When taking up any sort of winter mountaineering, ski touring, or hill walking that requires you to cross glaciers or steep ice one of your most essential safety instruments is a good ice axe that is suitable for mountaineering. Ice axes provide a very useful third point of contact (in addition to your two feet) in the snow or ice, so they can reduce the risks of you falling. Even more important is the fact that an ice axe will allow you to self-arrest if you fall. This is a short and quick way of saying “stopping yourself from sliding down the mountain by digging the pick of your ice axe into the snow or ice”.
The third important function of a mountaineering axe is that it can also provide a good anchor point to belay a rope from. In non-technical terms this means that you can plunge the shaft of your ice axe into the snow to get a solid grip around which you can wrap a rope. This is important as a preventative safety step if you need to secure someone who is about to do a risky manoeuvre or as an emergency measure to stop the fall of someone on a rope. More than a few lives have been saved over the years by quick thinking mountaineers who have quickly plunged an ice axe into the snow and secured a rope to it when their companions on the other end of the rope have fallen.
And a further, but still important use for an ice axe is to chop steps in steep snow. This is done using the adze (the flat bit at the back of the head) and allows one to cross short stretches of steep ice or snow without having to put on crampons.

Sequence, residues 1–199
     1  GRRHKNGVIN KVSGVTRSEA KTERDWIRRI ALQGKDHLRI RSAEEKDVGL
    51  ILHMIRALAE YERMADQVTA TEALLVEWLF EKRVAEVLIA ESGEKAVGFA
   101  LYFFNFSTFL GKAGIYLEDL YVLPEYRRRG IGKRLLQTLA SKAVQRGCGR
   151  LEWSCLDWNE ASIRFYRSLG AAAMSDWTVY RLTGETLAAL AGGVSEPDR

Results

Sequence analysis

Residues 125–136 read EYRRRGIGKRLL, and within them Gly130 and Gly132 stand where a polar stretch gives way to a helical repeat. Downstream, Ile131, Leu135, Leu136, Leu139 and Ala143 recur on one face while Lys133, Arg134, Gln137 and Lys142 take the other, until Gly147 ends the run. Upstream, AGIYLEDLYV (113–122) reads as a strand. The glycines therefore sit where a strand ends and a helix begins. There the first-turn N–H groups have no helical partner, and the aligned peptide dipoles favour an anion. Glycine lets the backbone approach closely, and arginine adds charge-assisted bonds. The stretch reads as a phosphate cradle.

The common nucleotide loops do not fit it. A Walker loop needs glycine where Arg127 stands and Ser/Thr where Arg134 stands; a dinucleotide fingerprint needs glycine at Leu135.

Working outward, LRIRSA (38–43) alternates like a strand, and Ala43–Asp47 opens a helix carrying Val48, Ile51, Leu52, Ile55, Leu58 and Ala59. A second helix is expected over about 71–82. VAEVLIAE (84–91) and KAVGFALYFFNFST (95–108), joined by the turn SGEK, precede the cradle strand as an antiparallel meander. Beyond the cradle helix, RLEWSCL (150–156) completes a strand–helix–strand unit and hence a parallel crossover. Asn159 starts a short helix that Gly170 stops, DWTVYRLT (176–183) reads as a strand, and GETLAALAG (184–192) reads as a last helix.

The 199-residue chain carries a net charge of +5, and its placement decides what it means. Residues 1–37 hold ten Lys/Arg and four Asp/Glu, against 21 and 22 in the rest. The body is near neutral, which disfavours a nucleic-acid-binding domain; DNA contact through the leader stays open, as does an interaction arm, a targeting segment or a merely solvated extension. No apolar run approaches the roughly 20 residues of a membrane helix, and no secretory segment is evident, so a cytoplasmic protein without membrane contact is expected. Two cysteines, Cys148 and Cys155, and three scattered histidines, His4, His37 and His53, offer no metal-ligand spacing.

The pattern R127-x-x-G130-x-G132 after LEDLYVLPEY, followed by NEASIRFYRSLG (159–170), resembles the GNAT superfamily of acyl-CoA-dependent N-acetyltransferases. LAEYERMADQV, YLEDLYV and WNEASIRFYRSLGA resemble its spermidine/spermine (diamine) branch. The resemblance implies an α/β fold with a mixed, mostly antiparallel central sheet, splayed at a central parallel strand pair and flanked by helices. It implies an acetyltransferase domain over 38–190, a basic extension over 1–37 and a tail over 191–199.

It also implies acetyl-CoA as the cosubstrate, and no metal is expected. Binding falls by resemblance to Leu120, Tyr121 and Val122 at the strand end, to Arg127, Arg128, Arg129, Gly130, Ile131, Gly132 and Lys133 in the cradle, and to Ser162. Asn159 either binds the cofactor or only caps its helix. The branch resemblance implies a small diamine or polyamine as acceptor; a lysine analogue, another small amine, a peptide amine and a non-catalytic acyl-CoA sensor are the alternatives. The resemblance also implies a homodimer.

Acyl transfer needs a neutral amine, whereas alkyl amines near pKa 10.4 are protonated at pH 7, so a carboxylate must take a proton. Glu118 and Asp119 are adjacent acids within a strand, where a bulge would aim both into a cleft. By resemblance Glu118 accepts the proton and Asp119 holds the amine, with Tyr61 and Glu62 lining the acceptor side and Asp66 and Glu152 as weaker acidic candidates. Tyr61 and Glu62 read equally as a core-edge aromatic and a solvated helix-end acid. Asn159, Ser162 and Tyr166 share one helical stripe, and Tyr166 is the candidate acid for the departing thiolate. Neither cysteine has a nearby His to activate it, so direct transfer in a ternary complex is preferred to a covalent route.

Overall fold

What is a Mountaineering Ice Axe?
Modern mountaineering ice axes differ from walking ice axes in that they are generally (but not always) a bit shorter. They will also often have a slightly more steeply angled pick on the head, which is better for biting into hard ice, but it should not be too steep. They will often also have a slight curve to the shaft to make it a bit easier to self-arrest. But these differences are not necessarily that pronounced and in fact a classic alpine ice axe will often look a lot like a walking ice because the boundaries between the two are a bit blurred.
One distinction that could be important is the strength rating of the axe. Most walking ice axes are rated B (for basic). This means they are strong enough for general walking and non-technical climbing. Ice climbing tools are usually rated T (for technical) which means they are somewhat stronger. In the middle is the mixed ground of mountaineering and alpine ice axes which come in both B and T ratings. This reflects the fact that they are often used for both purposes. In general it probably makes sense to go for the T rated axes as they will have a stronger pick that should last longer. They will also have stronger shafts so you can belay off them with more confidence.
Choosing a Mountaineering Ice Axe